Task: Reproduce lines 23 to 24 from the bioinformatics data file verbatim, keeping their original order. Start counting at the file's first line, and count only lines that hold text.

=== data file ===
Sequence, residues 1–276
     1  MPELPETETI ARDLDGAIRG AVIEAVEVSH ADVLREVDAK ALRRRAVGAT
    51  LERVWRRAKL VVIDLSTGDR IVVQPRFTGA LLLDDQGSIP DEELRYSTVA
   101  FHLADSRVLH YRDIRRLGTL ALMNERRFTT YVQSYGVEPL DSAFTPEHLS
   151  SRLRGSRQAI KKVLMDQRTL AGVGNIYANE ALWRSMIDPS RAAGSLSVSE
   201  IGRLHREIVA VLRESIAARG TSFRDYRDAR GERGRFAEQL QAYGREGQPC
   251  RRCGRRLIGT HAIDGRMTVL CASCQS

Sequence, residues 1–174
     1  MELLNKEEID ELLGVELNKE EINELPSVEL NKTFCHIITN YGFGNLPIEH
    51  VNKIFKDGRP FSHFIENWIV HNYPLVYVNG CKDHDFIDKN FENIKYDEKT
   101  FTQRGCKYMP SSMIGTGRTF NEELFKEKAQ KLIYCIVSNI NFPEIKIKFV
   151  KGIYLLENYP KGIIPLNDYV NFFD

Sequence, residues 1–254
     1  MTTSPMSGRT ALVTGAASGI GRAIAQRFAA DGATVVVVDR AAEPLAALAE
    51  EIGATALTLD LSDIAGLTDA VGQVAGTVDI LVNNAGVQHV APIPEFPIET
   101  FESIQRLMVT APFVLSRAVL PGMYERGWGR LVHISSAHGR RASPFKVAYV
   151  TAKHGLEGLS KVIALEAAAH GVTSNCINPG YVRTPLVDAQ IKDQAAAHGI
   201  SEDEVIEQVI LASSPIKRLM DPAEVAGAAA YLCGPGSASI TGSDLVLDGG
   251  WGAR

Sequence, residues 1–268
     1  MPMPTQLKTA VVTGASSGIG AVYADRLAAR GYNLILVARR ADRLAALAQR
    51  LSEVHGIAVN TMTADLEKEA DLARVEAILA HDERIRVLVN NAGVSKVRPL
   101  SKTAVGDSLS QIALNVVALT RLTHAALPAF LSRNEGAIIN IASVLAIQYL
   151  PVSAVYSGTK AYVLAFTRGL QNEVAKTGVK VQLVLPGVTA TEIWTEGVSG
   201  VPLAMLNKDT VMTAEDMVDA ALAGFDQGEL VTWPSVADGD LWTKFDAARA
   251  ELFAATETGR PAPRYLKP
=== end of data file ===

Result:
   101  SKTAVGDSLS QIALNVVALT RLTHAALPAF LSRNEGAIIN IASVLAIQYL
   151  PVSAVYSGTK AYVLAFTRGL QNEVAKTGVK VQLVLPGVTA TEIWTEGVSG